One of the most wonderful results of the pursuit of science is the moment when two seemingly unrelated paths intersect – and a new application of technology is born.
When 3M’s Craig Oster and his team developed an innovative stethoscope that could close the distance between remote patients and medical health professionals, the idea that it could be sent into Earth’s orbit never crossed their minds.
And yet, in 2011, that very stethoscope – the 3M™ Littmann® Tele-Auscultation System– travelled with the Japanese Space Agency, JAXA, to the International Space Station (ISS), to be used in experiments to test the ability of telemedicine (the use of telecommunication and other technologies to provide clinical health care at a distance).
Telemedicine to the extreme
Specifically, JAXA wanted to test whether an astronaut in space could perform an accurate stethoscope self-diagnosis in the low-gravity, noisy space station environment – and whether the data collected by the stethoscope could also be analysed on Earth by a specialist.
As possibilities for space exploration continue to expand, from the Mars-One mission to NASA’s discovery of other Earth-like planets, so do the future challenges for astronauts as they attempt maintain their health under extreme conditions.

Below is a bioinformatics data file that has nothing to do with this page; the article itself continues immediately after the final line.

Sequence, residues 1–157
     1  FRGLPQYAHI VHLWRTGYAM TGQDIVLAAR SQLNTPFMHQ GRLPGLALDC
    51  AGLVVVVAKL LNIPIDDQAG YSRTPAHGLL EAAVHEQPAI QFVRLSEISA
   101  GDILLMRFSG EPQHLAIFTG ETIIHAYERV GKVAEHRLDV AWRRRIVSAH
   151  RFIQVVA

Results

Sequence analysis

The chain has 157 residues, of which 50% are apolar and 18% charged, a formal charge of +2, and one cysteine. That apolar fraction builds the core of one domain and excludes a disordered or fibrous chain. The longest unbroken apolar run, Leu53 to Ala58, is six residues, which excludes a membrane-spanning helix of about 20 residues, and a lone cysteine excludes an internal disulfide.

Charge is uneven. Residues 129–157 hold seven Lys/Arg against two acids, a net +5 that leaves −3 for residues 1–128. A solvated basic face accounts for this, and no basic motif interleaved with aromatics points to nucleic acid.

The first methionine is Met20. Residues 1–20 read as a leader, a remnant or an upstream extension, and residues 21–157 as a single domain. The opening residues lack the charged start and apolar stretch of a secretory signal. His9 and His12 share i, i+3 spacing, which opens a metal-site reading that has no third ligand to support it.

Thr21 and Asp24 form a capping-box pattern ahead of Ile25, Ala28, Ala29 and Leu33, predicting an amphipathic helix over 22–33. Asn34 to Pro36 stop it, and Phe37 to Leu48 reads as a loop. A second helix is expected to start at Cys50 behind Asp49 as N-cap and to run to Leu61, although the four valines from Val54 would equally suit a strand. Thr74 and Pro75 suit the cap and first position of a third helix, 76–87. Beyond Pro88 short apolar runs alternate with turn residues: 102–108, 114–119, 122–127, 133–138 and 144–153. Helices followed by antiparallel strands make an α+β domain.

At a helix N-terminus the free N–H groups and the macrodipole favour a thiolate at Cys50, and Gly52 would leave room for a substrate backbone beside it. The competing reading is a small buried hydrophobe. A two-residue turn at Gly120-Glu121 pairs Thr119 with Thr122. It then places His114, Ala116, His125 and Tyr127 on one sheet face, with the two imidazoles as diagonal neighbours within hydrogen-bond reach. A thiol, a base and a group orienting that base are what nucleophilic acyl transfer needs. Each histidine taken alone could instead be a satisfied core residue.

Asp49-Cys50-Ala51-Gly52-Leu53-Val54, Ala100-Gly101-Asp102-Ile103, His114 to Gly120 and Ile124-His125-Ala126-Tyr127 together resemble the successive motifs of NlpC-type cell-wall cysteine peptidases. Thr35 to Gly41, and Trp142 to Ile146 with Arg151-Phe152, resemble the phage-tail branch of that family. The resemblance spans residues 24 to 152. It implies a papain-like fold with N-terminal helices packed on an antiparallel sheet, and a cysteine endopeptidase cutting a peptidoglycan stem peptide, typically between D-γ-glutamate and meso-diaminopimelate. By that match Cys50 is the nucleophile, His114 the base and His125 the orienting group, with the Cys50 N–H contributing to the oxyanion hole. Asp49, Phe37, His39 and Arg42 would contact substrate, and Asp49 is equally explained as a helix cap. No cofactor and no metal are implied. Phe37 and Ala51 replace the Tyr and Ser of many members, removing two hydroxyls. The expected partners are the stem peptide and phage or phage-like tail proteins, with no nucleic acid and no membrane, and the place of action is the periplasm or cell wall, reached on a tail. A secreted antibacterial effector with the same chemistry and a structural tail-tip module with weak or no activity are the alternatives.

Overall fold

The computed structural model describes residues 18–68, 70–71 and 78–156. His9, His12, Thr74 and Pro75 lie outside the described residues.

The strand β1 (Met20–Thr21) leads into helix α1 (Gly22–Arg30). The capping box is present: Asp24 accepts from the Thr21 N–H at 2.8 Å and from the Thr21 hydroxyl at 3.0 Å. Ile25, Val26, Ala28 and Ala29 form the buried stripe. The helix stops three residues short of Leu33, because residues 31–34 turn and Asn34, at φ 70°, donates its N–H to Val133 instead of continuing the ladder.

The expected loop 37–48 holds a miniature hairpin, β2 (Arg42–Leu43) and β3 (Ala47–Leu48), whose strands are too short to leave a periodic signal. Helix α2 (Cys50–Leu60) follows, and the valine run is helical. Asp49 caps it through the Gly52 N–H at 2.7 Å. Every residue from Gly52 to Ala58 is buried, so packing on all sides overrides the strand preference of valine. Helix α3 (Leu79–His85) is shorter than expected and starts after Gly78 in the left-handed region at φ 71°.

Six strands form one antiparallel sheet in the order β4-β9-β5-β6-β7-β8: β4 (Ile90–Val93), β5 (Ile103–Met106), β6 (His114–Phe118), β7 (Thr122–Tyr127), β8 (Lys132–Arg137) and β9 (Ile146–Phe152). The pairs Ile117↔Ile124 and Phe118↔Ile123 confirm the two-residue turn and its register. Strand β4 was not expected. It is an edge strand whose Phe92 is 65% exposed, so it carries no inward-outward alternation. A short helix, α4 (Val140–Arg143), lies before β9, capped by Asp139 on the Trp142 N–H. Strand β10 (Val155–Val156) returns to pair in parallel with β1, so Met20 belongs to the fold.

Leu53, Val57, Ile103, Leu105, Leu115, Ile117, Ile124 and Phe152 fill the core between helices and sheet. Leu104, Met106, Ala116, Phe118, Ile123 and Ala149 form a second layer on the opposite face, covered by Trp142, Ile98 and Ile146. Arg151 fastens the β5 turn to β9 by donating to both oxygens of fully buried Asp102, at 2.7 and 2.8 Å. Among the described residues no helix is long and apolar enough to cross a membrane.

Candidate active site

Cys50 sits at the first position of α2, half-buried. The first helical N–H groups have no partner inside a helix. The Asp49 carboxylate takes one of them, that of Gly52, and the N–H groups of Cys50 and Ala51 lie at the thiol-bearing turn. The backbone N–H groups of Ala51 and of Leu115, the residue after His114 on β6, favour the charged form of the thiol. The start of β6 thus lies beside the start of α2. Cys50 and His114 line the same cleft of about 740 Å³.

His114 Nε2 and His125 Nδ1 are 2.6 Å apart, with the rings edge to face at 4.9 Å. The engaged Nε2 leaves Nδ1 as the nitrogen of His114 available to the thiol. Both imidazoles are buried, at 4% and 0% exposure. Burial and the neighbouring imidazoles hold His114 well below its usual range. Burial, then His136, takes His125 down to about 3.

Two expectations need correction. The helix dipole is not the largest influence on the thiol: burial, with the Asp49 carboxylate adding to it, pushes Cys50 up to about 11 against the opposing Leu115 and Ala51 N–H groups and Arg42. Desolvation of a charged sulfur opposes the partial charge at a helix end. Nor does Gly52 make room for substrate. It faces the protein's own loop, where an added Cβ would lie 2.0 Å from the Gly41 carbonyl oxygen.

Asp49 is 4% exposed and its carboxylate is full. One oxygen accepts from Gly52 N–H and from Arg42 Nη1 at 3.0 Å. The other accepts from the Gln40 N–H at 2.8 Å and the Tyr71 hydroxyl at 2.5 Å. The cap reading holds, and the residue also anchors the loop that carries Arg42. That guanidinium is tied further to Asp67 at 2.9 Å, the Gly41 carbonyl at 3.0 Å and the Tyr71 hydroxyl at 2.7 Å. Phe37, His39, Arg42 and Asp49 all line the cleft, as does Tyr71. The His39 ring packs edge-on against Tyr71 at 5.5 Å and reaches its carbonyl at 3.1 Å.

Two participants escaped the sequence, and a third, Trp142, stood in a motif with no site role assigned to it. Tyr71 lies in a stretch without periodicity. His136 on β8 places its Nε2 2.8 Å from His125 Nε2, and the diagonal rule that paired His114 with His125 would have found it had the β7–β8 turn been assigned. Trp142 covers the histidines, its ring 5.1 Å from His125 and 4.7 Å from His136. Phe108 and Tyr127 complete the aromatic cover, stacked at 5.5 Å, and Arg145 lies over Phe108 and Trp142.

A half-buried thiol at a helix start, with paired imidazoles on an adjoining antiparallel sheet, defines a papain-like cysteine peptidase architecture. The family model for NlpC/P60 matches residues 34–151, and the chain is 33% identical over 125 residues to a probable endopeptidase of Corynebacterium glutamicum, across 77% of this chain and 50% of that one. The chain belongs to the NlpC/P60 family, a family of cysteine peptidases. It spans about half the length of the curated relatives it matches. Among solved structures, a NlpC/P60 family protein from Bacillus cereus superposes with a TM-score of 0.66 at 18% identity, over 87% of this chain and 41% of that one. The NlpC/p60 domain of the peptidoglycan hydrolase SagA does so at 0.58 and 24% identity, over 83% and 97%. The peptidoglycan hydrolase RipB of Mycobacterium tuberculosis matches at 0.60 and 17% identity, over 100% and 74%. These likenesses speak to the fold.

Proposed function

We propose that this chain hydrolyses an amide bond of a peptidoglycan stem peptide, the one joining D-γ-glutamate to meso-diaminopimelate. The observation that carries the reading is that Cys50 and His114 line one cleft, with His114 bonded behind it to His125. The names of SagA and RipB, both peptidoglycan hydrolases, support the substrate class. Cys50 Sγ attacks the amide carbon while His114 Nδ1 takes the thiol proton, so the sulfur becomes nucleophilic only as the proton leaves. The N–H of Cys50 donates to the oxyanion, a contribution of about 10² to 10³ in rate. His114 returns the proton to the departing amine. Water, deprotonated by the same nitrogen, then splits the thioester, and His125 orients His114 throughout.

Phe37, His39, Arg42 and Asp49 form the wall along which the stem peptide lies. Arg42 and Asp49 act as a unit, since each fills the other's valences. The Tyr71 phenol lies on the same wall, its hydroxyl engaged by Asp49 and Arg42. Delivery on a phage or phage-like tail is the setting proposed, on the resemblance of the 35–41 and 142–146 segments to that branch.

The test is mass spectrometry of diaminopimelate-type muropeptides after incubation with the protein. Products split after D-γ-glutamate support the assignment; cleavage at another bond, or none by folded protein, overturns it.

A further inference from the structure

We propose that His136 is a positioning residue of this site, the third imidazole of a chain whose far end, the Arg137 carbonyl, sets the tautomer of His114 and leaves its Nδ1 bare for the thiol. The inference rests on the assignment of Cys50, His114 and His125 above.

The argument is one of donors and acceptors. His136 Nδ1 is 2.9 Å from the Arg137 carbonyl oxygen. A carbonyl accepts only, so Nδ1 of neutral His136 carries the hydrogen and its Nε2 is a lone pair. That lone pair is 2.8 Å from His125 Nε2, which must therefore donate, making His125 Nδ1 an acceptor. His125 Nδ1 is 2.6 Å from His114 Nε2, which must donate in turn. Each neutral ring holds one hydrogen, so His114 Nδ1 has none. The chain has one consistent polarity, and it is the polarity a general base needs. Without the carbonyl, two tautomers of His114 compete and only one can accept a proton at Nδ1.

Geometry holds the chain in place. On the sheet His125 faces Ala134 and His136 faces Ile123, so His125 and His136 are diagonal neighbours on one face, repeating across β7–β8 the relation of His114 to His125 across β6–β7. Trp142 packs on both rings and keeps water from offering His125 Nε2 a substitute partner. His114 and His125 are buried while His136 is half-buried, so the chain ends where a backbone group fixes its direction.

“An astronauts get further and further away from Earth, they won’t be able to simply make the trip back when there’s a problem. (..) that means it’s going to be necessary for astronauts to maintain their health on their own,” says Dr. Shin Yamada, Senior Research Engineer, Space Missions Division, JAXA.
How the 3M™ Littmann® Tele-Auscultation System bridges the gap of distance
The stethoscope system uses two of the scopes, which communicate with one another via a Bluetooth® connection and special software.
The first scope picks up the patient’s heart and other body sounds (while cancelling out distracting ambient noise) and then transmits the sound over a secure, encrypted digital signal (in real time) to the other scope, whether it’s across the city, the world – or – even in space.
Heartbeat to ground control
In ground control, a doctor listened to the orbiting astronaut’s heartbeat, and it sounded exactly the same as if they had met in person.
The experiment was a success and signaled one more step towards helping to remove one of the barriers to future space exploration.
Learn more about the 3M™Littmann® Tele-Auscultation System.